The National Security Agency is logging hundreds of millions of email and instant messaging contacts belonging to Americans and others around the world, according to a report based on documents provided by NSA whistleblower Edward Snowden.
The data harvesting program, first reported by The Washington Post Monday, collects address books from email and instant messaging service in an apparent attempt to map social circles across the globe. Online communication services frequently expose an individual’s contact list when that person signs onto their account, sends a message, or connects a remote device - such as a cell phone - to a computer.
An internal NSA PowerPoint presentation indicated that the NSA’s Special Source Operations collected 444,743 email lists from Yahoo, 105,068 from Hotmail, 82,857 from Facebook, 33,697 from Gmail, and another 22,881 from other services. The documents note that those numbers show what the NSA collects in one day, meaning the intelligence agency could collect more than 250 million lists each year.
The NSA is capable of collecting approximately 500,000 so-called buddy lists from live-chat services and the “in-box” displays from web-based email services, according to the Post.
Two NSA sources told the Post the intelligence agency uses the data to identify international connections and then find smaller, more nefarious connections between suspected criminals. The collection relies on secret deals with foreign telecommunication companies, with NSA agents monitoring internet traffic outside the US.
The sources refused to estimate how many Americans are snared in the dragnet but did admit it could number in the tens of millions. An unnamed official was careful to mention the collection comes from “all over the world,” and “None of those are on US territory.”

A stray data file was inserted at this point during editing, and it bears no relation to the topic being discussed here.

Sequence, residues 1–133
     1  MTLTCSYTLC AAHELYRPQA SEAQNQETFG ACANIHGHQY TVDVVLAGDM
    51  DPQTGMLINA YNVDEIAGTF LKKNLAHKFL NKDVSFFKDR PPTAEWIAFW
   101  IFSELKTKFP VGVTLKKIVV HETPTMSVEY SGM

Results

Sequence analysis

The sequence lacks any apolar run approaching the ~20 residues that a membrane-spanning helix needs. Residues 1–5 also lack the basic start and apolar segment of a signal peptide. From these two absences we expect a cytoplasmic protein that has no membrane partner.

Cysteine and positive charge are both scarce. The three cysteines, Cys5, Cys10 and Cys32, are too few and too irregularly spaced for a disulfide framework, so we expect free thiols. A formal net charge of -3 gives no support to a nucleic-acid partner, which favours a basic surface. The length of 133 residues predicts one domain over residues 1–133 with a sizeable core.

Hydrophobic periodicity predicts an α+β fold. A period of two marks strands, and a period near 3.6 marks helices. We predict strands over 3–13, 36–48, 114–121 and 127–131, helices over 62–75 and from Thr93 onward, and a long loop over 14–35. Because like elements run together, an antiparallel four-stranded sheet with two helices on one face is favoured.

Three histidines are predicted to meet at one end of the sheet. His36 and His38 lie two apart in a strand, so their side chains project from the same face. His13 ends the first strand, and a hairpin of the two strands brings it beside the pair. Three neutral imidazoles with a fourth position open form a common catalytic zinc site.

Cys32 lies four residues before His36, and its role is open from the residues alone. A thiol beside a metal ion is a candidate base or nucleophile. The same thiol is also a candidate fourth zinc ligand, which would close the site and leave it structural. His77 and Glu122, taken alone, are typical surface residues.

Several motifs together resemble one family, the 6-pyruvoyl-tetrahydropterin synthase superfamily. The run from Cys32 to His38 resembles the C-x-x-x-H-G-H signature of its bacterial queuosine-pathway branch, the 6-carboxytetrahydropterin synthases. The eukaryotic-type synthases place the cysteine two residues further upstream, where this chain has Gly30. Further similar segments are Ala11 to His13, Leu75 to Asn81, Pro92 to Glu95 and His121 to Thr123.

Shawn Turner, a spokesman for the Office of the Director of National Intelligence, said the NSA “is focused on discovering and developing intelligence about valid foreign intelligence targets like terrorists, human traffickers and drug smugglers. We are not interested in personal information about ordinary Americans.”
While the earlier revelation that the NSA indiscriminately collected millions of American phone records ignited outrage, email address books could provide much more detail about a person’s life. Address books often include home and work addresses, as well as business and family information.
The potential for abuse could also be much higher, with intelligence agents able to look at a close diagram of someone’s life, including political and religious organizations. False impressions could also be created if someone neglects to delete entries belonging to friends they are no longer associated with.
Because the collection takes place overseas, the NSA does not require nor did it receive permission from Congress or the secret intelligence court that authorizes such collection. One US official said “the assumption is you’re not a US person” when the communication passes through “the overseas collection apparatus.”
Still, despite common past reports indicating otherwise, an official said the privacy of US citizens is safeguarded by “checks and balances built into our tools.”
The US companies involved in the data program deny that were consulted or informed about the NSA’s policy. This is possible, the Post noted, because address books are recorded “on the fly” when a user crosses an internet switch, not from servers at rest.
“We have neither knowledge nor participation in any mass collection of webmail addresses or chat lists by the government,” said a Google spokesman.
Microsoft and Facebook offered similar denials, with the Post speculating that Yahoo lists were intercepted more often because the email service automatically leaves connections between users unencrypted, although a company representative said that policy is expected to change in January 2014.
NSA documents prove that the intelligence agency collects so much information that its vast data facilities are nearly overwhelmed and the intake has been suddenly stopped by “emergency detasking” orders. While the agency has sought to delete information it deems no use for, at least three documents report on efforts to build an “across-the-board technology throttle for truly heinous data.”